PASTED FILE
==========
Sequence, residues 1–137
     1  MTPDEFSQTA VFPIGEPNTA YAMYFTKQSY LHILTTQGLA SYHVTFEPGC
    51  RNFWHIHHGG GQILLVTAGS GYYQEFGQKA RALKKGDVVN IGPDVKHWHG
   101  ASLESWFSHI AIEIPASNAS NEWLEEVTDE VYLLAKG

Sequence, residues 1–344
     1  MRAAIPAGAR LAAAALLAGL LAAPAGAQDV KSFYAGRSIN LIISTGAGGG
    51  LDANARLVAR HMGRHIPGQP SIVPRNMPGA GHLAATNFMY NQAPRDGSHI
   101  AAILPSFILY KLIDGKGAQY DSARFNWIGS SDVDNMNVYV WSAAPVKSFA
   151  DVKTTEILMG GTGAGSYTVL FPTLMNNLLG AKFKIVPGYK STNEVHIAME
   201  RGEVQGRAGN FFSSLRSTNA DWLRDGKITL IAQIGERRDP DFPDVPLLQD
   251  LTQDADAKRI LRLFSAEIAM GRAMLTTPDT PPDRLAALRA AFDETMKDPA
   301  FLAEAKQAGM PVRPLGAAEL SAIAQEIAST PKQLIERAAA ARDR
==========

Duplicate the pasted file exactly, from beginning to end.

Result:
Sequence, residues 1–137
     1  MTPDEFSQTA VFPIGEPNTA YAMYFTKQSY LHILTTQGLA SYHVTFEPGC
    51  RNFWHIHHGG GQILLVTAGS GYYQEFGQKA RALKKGDVVN IGPDVKHWHG
   101  ASLESWFSHI AIEIPASNAS NEWLEEVTDE VYLLAKG

Sequence, residues 1–344
     1  MRAAIPAGAR LAAAALLAGL LAAPAGAQDV KSFYAGRSIN LIISTGAGGG
    51  LDANARLVAR HMGRHIPGQP SIVPRNMPGA GHLAATNFMY NQAPRDGSHI
   101  AAILPSFILY KLIDGKGAQY DSARFNWIGS SDVDNMNVYV WSAAPVKSFA
   151  DVKTTEILMG GTGAGSYTVL FPTLMNNLLG AKFKIVPGYK STNEVHIAME
   201  RGEVQGRAGN FFSSLRSTNA DWLRDGKITL IAQIGERRDP DFPDVPLLQD
   251  LTQDADAKRI LRLFSAEIAM GRAMLTTPDT PPDRLAALRA AFDETMKDPA
   301  FLAEAKQAGM PVRPLGAAEL SAIAQEIAST PKQLIERAAA ARDR